Opinion Series: Mental Health in STEM

A woman in a graduation outfit

Image credit: Andre Hunter via Unsplash.

Sophie Berdugo (Editor-in-Chief) introduces a new series of Opinion articles discussing the challenges surrounding mental health among people working in STEM.

There is a serious problem with mental health in academia. Whether it be the dread of presenting your research, the loneliness felt when working on a niche project for so long, or the exhaustion of juggling multiple ongoing commitments and meeting deadlines, the issue is endemic. This is true from first year science undergraduates up to the Principal Investigator (PI) of the lab—the system has to change. 

This isn’t a revelation in itself. I do not know anyone who has made it through the PhD process unscathed by its impacts on mental health, me included. I have personally seriously considered quitting my PhD because of how much it was affecting me.

Given the prevalence and persistence of these issues, the Oxford Scientist is starting a new series of Opinion pieces to discuss some of these challenges in depth. We will be publishing articles with a range of perspectives, from the effects of burnout in STEM disciplines to the “imposter syndrome” felt by so many students and early career researchers.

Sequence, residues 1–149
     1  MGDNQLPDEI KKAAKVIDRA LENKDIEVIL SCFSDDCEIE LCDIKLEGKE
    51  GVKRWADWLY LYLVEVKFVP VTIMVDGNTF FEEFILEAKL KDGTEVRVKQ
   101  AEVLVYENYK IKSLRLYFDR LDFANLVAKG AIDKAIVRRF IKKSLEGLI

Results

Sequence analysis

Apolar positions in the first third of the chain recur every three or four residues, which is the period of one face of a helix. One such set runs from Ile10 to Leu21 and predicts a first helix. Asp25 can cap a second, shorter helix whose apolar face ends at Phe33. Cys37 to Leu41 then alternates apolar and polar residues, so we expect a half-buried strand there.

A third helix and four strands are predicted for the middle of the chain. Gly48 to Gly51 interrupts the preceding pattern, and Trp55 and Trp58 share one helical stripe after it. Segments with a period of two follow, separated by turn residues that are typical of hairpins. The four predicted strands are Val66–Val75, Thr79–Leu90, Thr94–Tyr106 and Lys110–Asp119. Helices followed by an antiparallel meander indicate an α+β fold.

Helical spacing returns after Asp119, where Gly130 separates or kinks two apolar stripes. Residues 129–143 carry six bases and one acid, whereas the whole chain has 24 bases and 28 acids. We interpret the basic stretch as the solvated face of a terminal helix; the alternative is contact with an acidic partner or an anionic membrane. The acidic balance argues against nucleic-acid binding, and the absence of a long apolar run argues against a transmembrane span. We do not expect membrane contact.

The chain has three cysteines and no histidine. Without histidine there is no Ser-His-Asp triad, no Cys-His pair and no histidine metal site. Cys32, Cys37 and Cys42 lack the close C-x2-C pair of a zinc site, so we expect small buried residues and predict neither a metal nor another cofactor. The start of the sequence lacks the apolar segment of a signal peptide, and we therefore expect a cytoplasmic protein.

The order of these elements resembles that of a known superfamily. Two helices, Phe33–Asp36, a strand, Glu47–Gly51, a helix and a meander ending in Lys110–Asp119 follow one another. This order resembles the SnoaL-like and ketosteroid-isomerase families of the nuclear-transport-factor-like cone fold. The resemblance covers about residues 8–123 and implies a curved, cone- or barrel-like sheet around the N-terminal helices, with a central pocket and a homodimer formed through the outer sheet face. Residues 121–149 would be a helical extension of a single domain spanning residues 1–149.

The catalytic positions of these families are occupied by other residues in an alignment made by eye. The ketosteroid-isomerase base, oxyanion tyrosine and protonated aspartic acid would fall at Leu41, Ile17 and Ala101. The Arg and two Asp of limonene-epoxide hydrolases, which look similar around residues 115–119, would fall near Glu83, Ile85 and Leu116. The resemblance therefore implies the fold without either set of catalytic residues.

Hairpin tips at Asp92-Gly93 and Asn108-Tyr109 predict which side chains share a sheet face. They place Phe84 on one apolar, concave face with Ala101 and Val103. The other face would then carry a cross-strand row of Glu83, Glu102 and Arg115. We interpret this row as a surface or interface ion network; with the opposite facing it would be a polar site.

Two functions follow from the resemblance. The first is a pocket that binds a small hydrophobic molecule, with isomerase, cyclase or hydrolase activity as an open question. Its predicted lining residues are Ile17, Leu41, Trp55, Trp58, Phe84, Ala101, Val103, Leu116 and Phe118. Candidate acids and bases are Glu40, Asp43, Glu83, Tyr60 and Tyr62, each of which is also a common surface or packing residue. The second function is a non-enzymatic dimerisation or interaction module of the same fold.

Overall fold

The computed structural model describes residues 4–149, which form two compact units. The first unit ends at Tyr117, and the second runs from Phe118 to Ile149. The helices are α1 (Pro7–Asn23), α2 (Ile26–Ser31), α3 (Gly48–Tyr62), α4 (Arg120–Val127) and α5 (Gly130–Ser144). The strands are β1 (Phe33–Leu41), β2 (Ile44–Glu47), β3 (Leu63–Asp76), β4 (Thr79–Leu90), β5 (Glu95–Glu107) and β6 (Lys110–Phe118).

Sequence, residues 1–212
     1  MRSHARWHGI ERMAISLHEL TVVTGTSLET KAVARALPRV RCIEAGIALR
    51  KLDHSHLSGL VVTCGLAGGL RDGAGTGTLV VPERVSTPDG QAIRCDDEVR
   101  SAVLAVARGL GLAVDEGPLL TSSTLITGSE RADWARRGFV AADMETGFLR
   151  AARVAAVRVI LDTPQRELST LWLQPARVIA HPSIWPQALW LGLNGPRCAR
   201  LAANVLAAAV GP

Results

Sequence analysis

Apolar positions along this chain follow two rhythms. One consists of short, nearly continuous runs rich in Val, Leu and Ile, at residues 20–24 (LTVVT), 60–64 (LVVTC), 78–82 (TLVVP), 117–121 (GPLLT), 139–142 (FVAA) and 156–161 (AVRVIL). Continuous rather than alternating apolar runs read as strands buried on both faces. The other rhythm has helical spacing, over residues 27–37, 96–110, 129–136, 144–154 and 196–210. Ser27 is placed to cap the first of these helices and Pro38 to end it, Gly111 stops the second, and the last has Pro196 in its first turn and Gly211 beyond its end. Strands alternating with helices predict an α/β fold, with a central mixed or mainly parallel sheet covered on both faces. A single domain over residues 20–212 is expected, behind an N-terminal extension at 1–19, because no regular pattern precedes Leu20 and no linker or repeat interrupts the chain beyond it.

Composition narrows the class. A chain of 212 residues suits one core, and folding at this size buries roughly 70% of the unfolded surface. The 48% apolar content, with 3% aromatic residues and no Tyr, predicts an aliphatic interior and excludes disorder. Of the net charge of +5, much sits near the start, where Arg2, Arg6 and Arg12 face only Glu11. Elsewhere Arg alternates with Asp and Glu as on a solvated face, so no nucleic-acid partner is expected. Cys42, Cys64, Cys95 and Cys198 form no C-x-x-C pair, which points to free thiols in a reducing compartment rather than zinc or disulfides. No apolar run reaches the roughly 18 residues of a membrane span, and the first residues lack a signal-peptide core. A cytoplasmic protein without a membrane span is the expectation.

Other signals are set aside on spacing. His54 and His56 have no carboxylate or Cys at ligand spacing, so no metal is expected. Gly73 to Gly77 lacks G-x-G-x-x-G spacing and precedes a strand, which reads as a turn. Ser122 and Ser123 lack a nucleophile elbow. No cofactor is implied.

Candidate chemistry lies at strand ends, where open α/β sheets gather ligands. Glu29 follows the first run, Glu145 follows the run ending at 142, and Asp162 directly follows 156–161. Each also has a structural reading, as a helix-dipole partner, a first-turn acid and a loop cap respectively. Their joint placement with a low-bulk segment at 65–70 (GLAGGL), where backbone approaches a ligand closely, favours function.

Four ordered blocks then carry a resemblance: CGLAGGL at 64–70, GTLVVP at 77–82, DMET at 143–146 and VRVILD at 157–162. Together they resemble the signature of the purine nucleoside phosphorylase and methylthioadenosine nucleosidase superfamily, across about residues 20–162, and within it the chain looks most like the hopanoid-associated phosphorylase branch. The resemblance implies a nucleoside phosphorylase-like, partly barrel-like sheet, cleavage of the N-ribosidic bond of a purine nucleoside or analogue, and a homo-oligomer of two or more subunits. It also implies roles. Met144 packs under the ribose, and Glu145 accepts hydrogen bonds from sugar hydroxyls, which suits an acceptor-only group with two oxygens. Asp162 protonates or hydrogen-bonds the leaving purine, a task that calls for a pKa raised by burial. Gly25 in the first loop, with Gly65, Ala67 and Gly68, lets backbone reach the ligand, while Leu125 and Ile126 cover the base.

We would like to encourage you to pitch articles to this series. We welcome any pieces covering the topic of mental health in STEM, from personal experiences to perspectives on systemic challenges. 

If you are struggling with your mental health, there are various places and spaces you can turn to for support. The UK’s student mental health charity, Student Minds, offers help and advice. If you are a member of the University of Oxford, there is a University Counselling Service, which provides individual and group counselling, as well as workshops and a series of podcasts